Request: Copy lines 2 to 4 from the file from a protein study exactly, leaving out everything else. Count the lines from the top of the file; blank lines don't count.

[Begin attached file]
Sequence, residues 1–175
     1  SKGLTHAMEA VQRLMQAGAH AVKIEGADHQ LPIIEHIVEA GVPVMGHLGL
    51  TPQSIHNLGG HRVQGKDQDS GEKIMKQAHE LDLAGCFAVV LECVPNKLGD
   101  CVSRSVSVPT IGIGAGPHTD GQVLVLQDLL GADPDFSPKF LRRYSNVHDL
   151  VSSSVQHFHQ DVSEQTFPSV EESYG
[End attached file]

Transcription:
     1  SKGLTHAMEA VQRLMQAGAH AVKIEGADHQ LPIIEHIVEA GVPVMGHLGL
    51  TPQSIHNLGG HRVQGKDQDS GEKIMKQAHE LDLAGCFAVV LECVPNKLGD
   101  CVSRSVSVPT IGIGAGPHTD GQVLVLQDLL GADPDFSPKF LRRYSNVHDL